Clare Vanderpool - For some reason Ms. Vanderpool was the author I most wanted to meet. Besides being the Newbery Medal Award winner in 2011, she is a wife and mother who seems like the girl next door. When I attended her workshop I was not disappointed! She shared her insights on writing with a grace and generosity that made me respect her all the more. When I introduced myself at the end of the workshop (with her book, Moon Over Manifest in hand) she shook my hand and began briefly chatting like I was a peer and a friend. Reflecting on that moment later in my hotel room I realized just how special that meeting had been. Thanks, Clare Vanderpool!

Gary D. Schmidt - When I attended Mr. Schmidt's workshop on layering your characters, I only knew that he had won the Newbery Honor twice for his books: Lizzie Bright and the Buckminster Boy, and The Wednesday Wars. Although those accomplishments themselves are more than enough to garner huge respect, what really floored me was his wisdom and insight to life. This English professor, who lives with his family on a 150-year-old farm in Michigan, blew everyone away - both at his workshop and even more with his closing keynote address. It was an honor for me to have him sign his most recent book, Okay For Now, at the conclusion of his wonderful workshop.
Thanks, Gary Schmidt!

Below is a photo of the books these awesome authors so graciously signed!

I would love to hear if you are one who likes to meet authors too!

Wednesday, August 15, 2012

Whimsical Word of the Week

Agelast -

one who never laughs; a mirthless person.

Example: Even the comedian could not get the agelast to laugh!

Monday, August 13, 2012

Bibliophile's Corner

The Incorrigible Children of Ashton Place ~The Mysterious Howling
by Maryrose Wood

Flap Copy Description:
Of especially naughty children, it is sometimes said: "They must have been raised by wolves."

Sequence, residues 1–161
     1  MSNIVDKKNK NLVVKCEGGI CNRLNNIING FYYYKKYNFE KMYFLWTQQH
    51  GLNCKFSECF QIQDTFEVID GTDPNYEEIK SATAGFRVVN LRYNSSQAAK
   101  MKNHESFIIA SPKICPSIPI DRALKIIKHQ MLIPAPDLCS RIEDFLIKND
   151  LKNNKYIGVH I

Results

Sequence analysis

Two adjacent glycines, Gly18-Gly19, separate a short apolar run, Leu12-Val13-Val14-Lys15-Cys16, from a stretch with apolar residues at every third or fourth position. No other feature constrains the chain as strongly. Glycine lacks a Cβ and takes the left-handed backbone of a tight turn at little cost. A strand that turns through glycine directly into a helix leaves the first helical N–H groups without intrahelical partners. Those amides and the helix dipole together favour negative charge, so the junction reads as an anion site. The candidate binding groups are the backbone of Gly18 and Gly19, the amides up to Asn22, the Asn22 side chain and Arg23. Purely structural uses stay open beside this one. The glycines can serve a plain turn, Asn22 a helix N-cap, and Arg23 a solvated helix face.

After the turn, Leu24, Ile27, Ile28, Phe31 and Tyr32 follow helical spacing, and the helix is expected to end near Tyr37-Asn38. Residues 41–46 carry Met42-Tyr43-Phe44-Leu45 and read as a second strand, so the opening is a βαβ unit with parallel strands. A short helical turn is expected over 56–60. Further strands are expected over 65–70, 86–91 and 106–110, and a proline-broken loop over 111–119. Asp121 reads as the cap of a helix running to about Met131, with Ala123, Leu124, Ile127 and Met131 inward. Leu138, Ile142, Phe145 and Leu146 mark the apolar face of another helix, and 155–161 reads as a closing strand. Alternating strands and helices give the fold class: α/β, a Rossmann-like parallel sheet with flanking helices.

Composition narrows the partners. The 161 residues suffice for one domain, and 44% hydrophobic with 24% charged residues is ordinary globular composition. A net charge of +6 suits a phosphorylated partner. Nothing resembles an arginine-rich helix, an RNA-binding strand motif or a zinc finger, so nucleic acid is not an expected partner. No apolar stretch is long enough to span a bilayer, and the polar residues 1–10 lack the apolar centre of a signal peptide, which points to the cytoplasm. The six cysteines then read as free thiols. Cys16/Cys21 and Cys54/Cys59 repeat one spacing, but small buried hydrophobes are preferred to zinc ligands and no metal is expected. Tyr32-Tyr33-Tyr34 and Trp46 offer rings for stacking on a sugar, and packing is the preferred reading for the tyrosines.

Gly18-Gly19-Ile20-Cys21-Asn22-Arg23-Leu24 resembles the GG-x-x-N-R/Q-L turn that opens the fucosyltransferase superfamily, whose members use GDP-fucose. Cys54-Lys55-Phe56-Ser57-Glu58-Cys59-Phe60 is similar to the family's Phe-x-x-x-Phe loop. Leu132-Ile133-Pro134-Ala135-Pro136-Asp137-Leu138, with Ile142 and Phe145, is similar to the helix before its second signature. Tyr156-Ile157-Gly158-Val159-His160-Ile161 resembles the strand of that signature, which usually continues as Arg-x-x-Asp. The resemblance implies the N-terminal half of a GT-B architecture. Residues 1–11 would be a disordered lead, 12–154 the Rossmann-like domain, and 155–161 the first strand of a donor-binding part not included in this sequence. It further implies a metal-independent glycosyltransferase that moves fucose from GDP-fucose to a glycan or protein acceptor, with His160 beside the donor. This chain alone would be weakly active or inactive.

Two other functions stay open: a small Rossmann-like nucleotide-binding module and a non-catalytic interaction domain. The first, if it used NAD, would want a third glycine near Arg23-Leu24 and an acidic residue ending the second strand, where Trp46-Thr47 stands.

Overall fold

The Incorrigible children actually were.
     Discovered in the forests of Ashton Place, the Incorrigibles are no ordinary children. Alexander keeps his siblings in line with gentle nips; Cassiopeia has a bark that is (usually) worse than her bite; and Beowulf is alarmingly adept at chasing squirrels.
Luckily, Miss Penelope Lumley is no ordinary governess. Only fifteen years old and a graduate of Swanburne Academy for Poor Bright Females, Penelope embraces the challenge of her new position. Though she is eager to instruct the children in Latin verbs and the proper use of globes, first she must eliminate their canine tendencies.
     But mysteries abound at Ashton Place: Who are these three wild creatures? Why does old Timothy, the coachman, lurk around every corner? Will Penelope be able to civilize the Incorrigibles in time for Lady Constance's holiday ball? And what on earth is a schottische?
     Penelope is no stranger to mystery, as her own origins are also cloaked in secrecy. But as Agatha Swanburne herself once said, "Things may happen for a reason, but that doesn't mean we know what the reason is - at least, not yet."

My Thoughts:
There is so much to like about this unique novel, by Maryrose Wood, that it might just leave you howling for more - which can be accomplished since The Incorrigible Children of Ashton Place - The Mysterious Howling is the first in a series by the talented author. Delightful setting descriptions of Victorian England, colorful and complex characters, and a plot that leaves you puzzled all make for a remarkable read for children from the ages of eight and up.